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Amazon's ad business is still growing at a healthy clip. But the huge growth rates that came in recent quarters have cooled as advertisers seem to begin spending more carefully on the platform.
Amazon, which reported its Q1 2019 results Thursday, said its "other" segment consisting primarily of advertising sales slowed to 36% in the first quarter from the previous year, at $2.72 billion. On an adjusted basis, the year-over-year growth rate in that "other" segment in Q4 2018 was 38%, and ranged between 51% and 73% in previous quarters last year. Some say, though, it's only a matter of time before growth amps up again.
Amazon has quickly become a contender to take on the Google and Facebook duopoly that has dominated the digital advertising ecosystem. But that ad business growth is slowing as the hype around Amazon's ad business has faded and advertisers are thinking more carefully about which platforms provide the highest amounts of sophistication and return on investment.
Asked by analysts on the Thursday earnings call about whether that acceleration would ever occur again and why the company was seeing that slower growth, Amazon's CFO Brian Olsavsky declined to comment on any deceleration of growth but said the company was "early on in this venture" and that he is optimistic about its outcome in the advertising space if Amazon is able to improve the inputs and grow traffic to the site.
Nina Hale, a performance digital marketing agency, has seen some of that slowdown firsthand.
"There was massive growth initially. When Amazon opened its floodgates, advertisers rushed in," said Abby McNabb, an associate media director who leads the Amazon Advertising + Marketing practice at Nina Hale.
"But now, brands are taking a step back and trying to better understand how Amazon fits" into their overall strategy, McNabb said. "They're tightening up their strategy a little bit. With that comes less ad spend. They're not throwing the kitchen sink at Amazon anymore."
Google has made strides with its optimization features and providing high return for advertisers who may see Amazon as being in its infancy and more unsophisticated in comparison, she said.
Sellwin Consulting, an Amazon-focused consultancy that's part of Dentsu Aegis Network,hasn't seen that slowdown. Its president Travis Johnson said its growth with Amazon is upwards of 60% year-over-year. He believes any slowdown is coming more from sellers on the platform who have decided to keep their spend steady rather than continuing to increase it.
"I think 2018 was just a year of substantial growth because of more ad placements, better platforms, more ad opportunities," he said. "I think it was just a year of 'Wow, Amazon is a real contender and has a lot more opportunity than I thought.' Now, I think the industry, both agencies and sellers, [is] far more familiar and sophisticated when it comes to spending that money."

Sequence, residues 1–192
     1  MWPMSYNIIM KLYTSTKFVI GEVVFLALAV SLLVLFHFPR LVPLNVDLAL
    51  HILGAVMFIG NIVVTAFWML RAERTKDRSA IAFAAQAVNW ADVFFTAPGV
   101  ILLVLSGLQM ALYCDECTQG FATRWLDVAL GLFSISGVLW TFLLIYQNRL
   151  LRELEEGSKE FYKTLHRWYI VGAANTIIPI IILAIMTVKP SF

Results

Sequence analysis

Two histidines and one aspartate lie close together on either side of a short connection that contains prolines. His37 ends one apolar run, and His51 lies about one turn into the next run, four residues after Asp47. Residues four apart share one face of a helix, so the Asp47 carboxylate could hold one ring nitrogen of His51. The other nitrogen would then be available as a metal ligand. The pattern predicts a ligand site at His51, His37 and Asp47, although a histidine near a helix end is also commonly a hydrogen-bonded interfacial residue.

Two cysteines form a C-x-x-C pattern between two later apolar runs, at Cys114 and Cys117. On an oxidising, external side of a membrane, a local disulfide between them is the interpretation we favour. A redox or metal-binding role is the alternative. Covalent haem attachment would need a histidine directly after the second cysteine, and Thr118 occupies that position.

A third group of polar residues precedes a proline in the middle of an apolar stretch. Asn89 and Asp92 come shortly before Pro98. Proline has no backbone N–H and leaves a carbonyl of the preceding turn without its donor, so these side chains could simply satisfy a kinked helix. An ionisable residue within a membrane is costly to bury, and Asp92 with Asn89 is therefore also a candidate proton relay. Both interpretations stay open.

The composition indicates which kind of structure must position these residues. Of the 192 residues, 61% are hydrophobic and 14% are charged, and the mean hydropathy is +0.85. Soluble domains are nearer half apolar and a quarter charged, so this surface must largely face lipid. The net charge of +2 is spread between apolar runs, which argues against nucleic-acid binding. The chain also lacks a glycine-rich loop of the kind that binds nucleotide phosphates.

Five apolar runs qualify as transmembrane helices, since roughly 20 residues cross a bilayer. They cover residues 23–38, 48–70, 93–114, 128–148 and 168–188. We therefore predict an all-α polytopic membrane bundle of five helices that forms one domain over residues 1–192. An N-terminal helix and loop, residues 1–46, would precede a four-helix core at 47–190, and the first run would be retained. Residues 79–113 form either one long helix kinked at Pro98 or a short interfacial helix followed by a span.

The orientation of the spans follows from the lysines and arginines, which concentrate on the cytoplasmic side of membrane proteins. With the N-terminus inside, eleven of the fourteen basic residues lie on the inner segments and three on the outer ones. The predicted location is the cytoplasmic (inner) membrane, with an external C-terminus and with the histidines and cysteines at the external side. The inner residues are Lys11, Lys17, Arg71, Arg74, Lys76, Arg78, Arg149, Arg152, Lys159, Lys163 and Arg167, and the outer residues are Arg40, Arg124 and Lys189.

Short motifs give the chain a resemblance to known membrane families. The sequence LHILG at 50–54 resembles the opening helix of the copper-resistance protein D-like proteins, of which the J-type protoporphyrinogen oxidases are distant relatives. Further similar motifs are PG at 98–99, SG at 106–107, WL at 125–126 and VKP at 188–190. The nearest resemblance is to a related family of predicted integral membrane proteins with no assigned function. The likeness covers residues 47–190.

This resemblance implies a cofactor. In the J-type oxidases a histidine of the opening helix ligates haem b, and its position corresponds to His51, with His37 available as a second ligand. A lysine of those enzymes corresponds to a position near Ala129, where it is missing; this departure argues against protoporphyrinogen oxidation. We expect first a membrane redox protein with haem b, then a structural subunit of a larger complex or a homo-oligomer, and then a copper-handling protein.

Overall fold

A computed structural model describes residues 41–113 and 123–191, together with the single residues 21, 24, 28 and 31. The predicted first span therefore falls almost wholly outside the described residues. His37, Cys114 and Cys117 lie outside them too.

Forrester analyst Collin Colburn said some of the the big consumer packaged goods spenders who have been playing on Amazon for a couple years will focus their approach in 2019.
"The first year was throwing money at a wall and [seeing] does this stuff work," he said. "The second year, 2018, was like, let's actually create a strategy around this." That strategy entailed figuring out which keywords to use, and getting acclimated with Amazon Media Group and its demand-side platform, which lets advertisers programmatically buy ads to reach audiences across the web. He thinks this year those marketers will be more open to other e-commerce websites and their offerings.
"I think this is opening their eyes to other areas like Walmart or Target or Best Buy or Kroger or any of these other major e-commerce websites also ramping up their digital capabilities, because they've seen what Amazon has done," Colburn said.
Colburn said some brands see Amazon's current ad system as limiting their ability to scale, report and make the sophisticated ad buys they're used to making on Facebook or Google.
"Maybe some of these [consumer packaged goods brands] are finding they're not able to scale their ad strategy on Amazon as well as they are on another ad channels because the capabilities aren't built out yet," he said. "They've been a little slow, especially compared to the rest of the advertising industry, which tends to be very fast."
Amazon's ad sales cooling could just as soon heat back up, some say.
Amazon's Freedive, an ad-funded streaming service, may prove promising from an ad revenue perspective.
"When you look at the spend in TV compared to the spend in display advertising … there's a lot of money that goes into TV," Johnson said. "I think as that launches and as agencies and big brands make large commitments to access some of that inventory, the rate of growth will exceed the Q1 number."
It's also worth noting that 36% is not too shabby. Forrester's Colburn said this quarter may just be a blip on the radar.
"I would assume it would be bigger in the next couple quarters, especially as more non-Amazon sellers ... start to catch on to using Amazon's other tools, both on and off Amazon," he said.